"On the Monday after Easter, the teachers were forced to ask the children: 'What did you eat yesterday?'" the pope recalled. "Some said, 'Eggs' and those who said 'eggs' were then persecuted to see if they were Christians because in that country they ate eggs on Easter Sunday. It got to this point: to see, to spy where there is a Christian in order to kill him. This is fury in persecution and this is the devil."

The only way Christians can respond to this fury is to follow the example set forth by Christ and to remain silent, the pope said.

"It is striking when we read in the Gospel that in front of all these accusations, all these things, Jesus was silent. In front of the spirit of fury, only silence, never justification. Never! Jesus spoke and he explained. When he understood that there were no words, silence," he said.

Pope Francis prayed that Christians would ask for the grace "to fight against the evil spirit, to argue when we have to argue. But before the spirit of fury, to have the courage to keep silent and let others speak."

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Follow Arocho on Twitter: @arochoju

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Coronavirus may produce misery beyond disease to migrants, home countries

IMAGE: CNS photo/Lindsey Wasson, Reuters

By Rhina Guidos

WASHINGTON (CNS) -- Lack of jobs and economic disparity in Central America were already driving large numbers of migrants north before the coronavirus became a household word.

And now those who long have worked with migrants worry about the effects COVID-19 will cause on the already fragile economic systems of the migrants' home countries. They also worry about the environment the pandemic is creating for those migrants on the move and in new lands.  

Father Mauro Verzeletti, a Catholic priest who has for decades helped feed and shelter migrants in Central America, said he has received scant news about what migrants are currently facing after the government of Guatemala ordered a quarantine and he had to close the doors of the Casa del Migrante, one of the shelters he runs in Guatemala City. 

Father Verzeletti already was in a quarantine of sorts because the government forbid him from leaving the shelter after he received death threats in January for his work with migrants.

But he was able to see and hear stories from those who came through the shelter and had knowledge of what was going on before the quarantine was put in place.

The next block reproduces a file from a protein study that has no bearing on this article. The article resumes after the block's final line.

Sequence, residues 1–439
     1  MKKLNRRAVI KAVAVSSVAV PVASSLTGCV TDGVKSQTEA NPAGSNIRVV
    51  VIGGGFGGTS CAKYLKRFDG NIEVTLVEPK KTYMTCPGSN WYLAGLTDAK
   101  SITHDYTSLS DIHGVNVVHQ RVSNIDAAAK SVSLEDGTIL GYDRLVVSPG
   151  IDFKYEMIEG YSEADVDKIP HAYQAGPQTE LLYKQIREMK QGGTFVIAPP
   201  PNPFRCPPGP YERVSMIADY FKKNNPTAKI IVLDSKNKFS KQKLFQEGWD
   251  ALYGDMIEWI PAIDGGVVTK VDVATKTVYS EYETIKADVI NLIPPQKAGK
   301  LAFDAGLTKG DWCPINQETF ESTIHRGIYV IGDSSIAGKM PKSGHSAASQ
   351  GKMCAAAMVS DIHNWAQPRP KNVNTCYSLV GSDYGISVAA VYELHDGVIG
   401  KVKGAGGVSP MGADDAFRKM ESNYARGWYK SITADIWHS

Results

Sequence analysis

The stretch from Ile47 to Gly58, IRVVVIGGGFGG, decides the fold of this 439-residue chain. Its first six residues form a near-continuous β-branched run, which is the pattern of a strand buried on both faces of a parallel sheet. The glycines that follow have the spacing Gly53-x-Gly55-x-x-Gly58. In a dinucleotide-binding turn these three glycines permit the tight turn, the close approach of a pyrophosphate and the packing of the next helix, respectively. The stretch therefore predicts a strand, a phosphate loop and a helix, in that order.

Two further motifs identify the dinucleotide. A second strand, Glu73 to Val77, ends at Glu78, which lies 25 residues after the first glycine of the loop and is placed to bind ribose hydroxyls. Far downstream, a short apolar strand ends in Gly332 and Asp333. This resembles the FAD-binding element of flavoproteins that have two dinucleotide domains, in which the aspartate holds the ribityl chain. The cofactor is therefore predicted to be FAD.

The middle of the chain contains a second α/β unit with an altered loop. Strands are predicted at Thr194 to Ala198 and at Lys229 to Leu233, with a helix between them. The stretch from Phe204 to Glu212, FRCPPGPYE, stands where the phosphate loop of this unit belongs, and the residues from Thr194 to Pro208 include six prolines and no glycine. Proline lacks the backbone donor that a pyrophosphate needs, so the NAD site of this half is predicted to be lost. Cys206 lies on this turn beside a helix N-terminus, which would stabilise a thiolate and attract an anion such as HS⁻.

"Now we're not receiving any news, we don't know how people are faring," he said in a March 26 telephone interview with Catholic News Service.

He's now sheltering in place with two migrant families and the superior of his order, the Scalabrinians, who was visiting when the national quarantine was put in place, shutting down flights.

But watching the news, he's learned of the scarcity of items in the stores. He worries about those who've lost their jobs, including those whose only means of making a living was by selling household items or produce on the streets in the "informal economy" that stocks the popular markets of Latin America. What will the economies and conditions of countries such as Guatemala look like after the coronavirus is over, he asked.

"Famine?" he said.

He also worries about those migrants who were making the journey when the crisis hit, about the conditions in detention they're facing in places such as the U.S., which he said already had a less than stellar record of treating detained migrants, including children and families, humanely.

Those worries are shared by groups in the U.S., including the Hope Border Institute in El Paso, Texas.
In its March 16, Frontera Dispatch, a newsletter about conditions along the border region of El Paso, the organization voiced worries about the potential for a breakout of the virus in migrant camps that have formed just over the border as a result of the U.S. policy popularly called "Remain in Mexico."

Formally known as the Migrant Protection Controls, or MPP, the policy asks those seeking asylum in the U.S. to wait in Mexico until a U.S. immigration court can adjudicate their case.

The organization worries about the medical conditions but also how a spread of the coronavirus in those communities can be used politically in an election year to further restrict asylum-seekers from seeking protection in the U.S.

"The prospect of the virus reaching migrant camps at the northern border is alarming," the organization said. "Camps like the one in Matamoros (across from El Paso) house thousands of people and have no proper sanitation or infrastructure and limited access to medical supplies.

"Migrants living there (many in the MPP program) are mostly at risk from American volunteers, but if it (the virus) showed up at the border, the Trump administration would seize the opportunity to throw the blame on migrants and further restrict their rights."

Groups such as the National Advocacy Center of the Sisters of the Good Shepherd argue that if there's a time to help those seeking shelter, it's now.

"The world is gripped in fear and crisis. Many of these men, women and children have journeyed for weeks and months. They have left unspeakable violence. Now is most certainly not the time to force them to huddle in unsafe conditions in Mexico as the coronavirus sweeps across our globe," said Lawrence E. Couch, the center's director.